Judge Clark Douglas conveys all of his emotions through classical piano pieces.
Our review of Autumn Sonata: Criterion Collection, published January 18th, 2000, is also available.
The only collaboration between cinema's two great Bergmans.
"It was all done in the name of love."
Facts of the Case
Charlotte Andergast (Ingrid Bergman, Casablanca) is a famed concert pianist taking a short break from performing in order to visit her estranged daughter Eva (Liv Ullmann, Persona). It's supposed to be a simple visit, just enough to keep Charlotte from feeling too guilty about neglecting to stay in touch her children. However, things turn messy when Charlotte learns that her mentally-disabled daughter Helena (Lena Nyman, I Am Curious: Yellow) is now living with Eva. Though Charlotte professes to love Helena, in truth she's very uncomfortable around her. Shortly into the visit, Eva and Charlotte engage in a long, difficult conversation about the past, which reopens quite a few old wounds.
It's somewhat remarkable that Ingrid Bergman (who is arguably the greatest Swedish actress of all time) took such a long time to collaborate with Ingmar Bergman (similarly named but no relation, and arguably the greatest Swedish director of all time). On the other hand, Bergman was such a big star in America and Italy at various points that she hardly had time or reason to make movies in her native country, and Bergman tended to re-use his favorite local actors over and over again, anyway. Still, the two finally did manage to join forces in 1978 for the poignant, painful Autumn Sonata (though the film had to be shot in Norway due to Ms. Bergman's tax problems in Sweden). Though it would be difficult to argue that the film represents the very best work done by either Bergman (a statement that says more about their great achievements than the quality of this film, to be sure), it's nonetheless an impressive effort that makes one regret that the duo didn't have the opportunity to work together more frequently.
Earlier in the 1970s, Ingmar Bergman had produced two of his most intimate, challenging works: Cries and Whispers and Scenes From a Marriage, both of which are as riveting as they are difficult to watch. Autumn Sonata covers similar territory thematically and tonally, as much of the film is centered on quiet, anguished conversations between family members with long, complicated histories. It would be an astonishing achievement for most directors, but given Mr. Bergman's earlier achievements, it occasionally feels like a film cobbled together from the leftovers of some of his earlier works.
Such fleeting thoughts can easily be ignored, however, as Autumn Sonata succeeds remarkably as a showcase for two tremendous actresses. The ongoing dialogue between Bergman and Ullman is spellbinding. Observe an early sequence built around both characters offering their interpretation of a Chopin piano prelude. There's so much tension, sadness and mutual resentment built into this sequence, and almost all of that is conveyed by the subtle facial expressions of the actresses. It's a miniature masterpiece, a scene that I'd argue is even more effective than the louder, more aggressive display of emotions that the film delivers late in the proceedings.
Charlotte may be a professional musician, but it's clear that she could have easily had an alternate career as an actress (a fact her daughter notes with more than a hint of bitterness). It's remarkable how quickly Charlotte can turn transform a dark conversation into chipper small talk, or how easily she can mask feelings of terror with a lilting voice and a radiant smile. Ullman, on the other hand, delivers a portrait of timid insecurity. She tends to let her mother dominate the conversations—until a bit of liquid courage permits her to share her true feelings, anyway. Ullman is essentially delivering the damaged counterpoint to a film built around Bergman's performance, but she does so masterfully and matches the elder actress every step of the way.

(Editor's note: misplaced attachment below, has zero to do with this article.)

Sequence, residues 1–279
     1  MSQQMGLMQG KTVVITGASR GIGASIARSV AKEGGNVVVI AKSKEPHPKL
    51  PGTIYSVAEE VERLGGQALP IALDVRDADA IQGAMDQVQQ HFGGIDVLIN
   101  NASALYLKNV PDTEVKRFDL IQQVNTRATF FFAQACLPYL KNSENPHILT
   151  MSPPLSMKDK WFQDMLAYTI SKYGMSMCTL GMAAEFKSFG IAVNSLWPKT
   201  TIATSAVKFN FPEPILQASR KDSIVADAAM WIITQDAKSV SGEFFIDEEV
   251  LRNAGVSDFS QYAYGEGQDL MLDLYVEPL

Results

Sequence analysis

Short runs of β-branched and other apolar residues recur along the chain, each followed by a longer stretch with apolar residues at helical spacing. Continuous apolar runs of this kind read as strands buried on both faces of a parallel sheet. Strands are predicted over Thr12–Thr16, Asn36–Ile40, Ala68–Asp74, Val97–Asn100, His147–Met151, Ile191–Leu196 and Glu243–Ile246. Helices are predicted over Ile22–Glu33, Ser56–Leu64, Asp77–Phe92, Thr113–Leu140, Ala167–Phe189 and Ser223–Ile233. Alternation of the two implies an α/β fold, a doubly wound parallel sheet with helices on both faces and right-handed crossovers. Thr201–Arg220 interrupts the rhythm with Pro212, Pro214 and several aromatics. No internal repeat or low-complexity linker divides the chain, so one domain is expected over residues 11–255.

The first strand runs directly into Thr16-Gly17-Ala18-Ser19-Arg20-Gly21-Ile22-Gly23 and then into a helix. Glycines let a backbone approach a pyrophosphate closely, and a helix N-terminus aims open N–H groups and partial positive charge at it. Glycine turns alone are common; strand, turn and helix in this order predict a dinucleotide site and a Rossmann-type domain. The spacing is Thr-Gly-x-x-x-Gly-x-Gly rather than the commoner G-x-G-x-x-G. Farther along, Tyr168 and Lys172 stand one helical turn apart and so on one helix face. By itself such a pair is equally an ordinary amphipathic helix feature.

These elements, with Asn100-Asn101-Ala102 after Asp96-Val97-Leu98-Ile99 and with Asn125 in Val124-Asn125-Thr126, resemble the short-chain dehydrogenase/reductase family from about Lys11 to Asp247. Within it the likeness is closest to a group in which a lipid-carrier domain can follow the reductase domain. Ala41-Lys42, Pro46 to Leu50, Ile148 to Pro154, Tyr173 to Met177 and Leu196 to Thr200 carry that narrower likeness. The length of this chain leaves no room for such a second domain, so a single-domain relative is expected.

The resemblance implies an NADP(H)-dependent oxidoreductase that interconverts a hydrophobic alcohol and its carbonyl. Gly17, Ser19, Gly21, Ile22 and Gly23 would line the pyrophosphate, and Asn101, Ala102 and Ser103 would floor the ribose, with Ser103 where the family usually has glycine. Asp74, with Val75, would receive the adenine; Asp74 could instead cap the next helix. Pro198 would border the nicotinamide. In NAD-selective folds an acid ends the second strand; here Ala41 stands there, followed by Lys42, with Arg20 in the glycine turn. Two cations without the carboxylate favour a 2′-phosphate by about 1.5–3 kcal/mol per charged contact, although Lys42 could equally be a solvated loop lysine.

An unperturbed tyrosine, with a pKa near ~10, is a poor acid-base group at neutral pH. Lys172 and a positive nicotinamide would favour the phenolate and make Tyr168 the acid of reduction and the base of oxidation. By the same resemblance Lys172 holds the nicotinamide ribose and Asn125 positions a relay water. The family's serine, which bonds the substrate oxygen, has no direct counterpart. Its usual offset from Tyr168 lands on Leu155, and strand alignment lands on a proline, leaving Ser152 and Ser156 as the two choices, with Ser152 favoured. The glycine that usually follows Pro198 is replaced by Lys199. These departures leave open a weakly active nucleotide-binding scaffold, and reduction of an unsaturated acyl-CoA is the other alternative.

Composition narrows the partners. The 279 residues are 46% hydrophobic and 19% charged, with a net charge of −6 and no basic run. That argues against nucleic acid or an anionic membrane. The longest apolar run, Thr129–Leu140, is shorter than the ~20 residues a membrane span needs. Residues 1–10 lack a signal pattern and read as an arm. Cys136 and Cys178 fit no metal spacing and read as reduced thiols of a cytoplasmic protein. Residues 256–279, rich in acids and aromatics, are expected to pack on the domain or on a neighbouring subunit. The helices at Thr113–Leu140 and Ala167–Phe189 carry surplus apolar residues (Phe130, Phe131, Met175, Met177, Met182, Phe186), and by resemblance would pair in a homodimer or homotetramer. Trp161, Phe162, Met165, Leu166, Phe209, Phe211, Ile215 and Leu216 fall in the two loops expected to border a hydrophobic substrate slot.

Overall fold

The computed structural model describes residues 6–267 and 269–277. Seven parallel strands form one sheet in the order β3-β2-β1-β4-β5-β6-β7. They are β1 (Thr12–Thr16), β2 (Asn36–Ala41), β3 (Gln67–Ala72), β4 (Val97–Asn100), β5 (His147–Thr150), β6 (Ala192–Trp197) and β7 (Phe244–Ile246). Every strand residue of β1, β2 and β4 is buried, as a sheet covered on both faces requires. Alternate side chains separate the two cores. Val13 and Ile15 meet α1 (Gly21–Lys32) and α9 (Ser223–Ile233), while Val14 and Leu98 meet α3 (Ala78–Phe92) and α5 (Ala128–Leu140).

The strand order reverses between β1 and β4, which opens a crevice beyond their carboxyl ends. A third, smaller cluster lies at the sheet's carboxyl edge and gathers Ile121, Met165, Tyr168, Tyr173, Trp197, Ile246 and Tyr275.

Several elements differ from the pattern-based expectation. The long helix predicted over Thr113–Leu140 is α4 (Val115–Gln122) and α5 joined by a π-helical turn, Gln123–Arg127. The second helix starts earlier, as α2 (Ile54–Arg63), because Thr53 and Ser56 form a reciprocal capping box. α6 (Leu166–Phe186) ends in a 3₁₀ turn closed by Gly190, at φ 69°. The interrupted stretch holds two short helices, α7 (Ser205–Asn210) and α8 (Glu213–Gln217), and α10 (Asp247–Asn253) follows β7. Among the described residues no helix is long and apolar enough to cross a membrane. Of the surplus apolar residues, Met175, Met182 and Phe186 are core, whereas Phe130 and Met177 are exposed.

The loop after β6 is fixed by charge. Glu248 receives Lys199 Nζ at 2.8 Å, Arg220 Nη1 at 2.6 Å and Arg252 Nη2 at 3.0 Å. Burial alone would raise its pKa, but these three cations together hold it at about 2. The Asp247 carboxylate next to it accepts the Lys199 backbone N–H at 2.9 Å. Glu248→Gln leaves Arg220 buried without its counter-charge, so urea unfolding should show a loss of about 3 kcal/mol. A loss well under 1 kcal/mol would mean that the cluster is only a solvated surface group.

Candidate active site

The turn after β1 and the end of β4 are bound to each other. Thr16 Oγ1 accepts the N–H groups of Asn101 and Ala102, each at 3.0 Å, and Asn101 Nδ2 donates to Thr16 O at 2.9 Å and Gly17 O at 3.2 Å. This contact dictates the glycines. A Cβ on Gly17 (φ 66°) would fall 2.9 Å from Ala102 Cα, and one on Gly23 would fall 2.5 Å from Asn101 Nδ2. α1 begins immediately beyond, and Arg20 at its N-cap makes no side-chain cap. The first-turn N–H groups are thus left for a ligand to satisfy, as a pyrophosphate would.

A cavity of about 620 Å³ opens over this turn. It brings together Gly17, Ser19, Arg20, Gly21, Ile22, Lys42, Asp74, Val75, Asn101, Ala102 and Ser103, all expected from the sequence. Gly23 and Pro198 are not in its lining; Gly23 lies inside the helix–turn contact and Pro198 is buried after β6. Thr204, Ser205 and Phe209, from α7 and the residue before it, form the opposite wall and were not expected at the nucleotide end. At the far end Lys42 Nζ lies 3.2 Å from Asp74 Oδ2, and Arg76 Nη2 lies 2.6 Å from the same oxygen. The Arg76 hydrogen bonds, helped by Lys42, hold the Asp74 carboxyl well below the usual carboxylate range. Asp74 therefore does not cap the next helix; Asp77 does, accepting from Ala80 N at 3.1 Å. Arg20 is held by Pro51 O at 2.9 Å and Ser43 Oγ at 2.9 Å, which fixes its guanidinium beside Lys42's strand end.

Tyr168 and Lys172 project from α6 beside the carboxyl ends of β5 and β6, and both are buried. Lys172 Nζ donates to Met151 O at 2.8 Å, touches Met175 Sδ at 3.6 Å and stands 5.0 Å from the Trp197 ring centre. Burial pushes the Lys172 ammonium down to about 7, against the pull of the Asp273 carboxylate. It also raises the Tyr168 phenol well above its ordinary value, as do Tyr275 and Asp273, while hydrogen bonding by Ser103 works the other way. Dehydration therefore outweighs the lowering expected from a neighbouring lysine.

Autumn Sonata: Criterion Collection (Blu-ray) features an excellent 1080p transfer that beautifully accentuates Sven Nykvist's aching, autumnal cinematography. Detail is superb throughout, colors are lush and vibrant and darker scenes benefit from strong shading. It's a visually involving movie from start to finish, and Criterion's new release looks vastly better than the DVD. The PCM 1.0 Mono track is simple but strong, delivering the dialogue with unwavering clarity. Music is used only sparingly throughout the film, but what's here is excellent. What really impresses is Criterion's beefed-up supplemental package. In addition to the Peter Cowie commentary that was included on the DVD release, you get a 3 and ½ hour documentary on the making of the film that covers every single step of the production process. It's a long watch, obviously, but tremendously insightful and engaging stuff. Just an incredible bonus. You also get a 40-minute interview with Ingrid Bergman conducted in 1981, a brief introduction to the film from Ingmar Bergman, a brand-new 20-minute interview with Liv Ullman, a theatrical trailer and a booklet featuring an essay by Farran Smith Nehme. Props to Criterion for a top-notch selection of supplements.
Autumn Sonata may not be as extraordinarily powerful as Bergman's best work, but it's nonetheless a fine film that features outstanding performances from its two leads. Criterion's Blu-ray release is tremendous.
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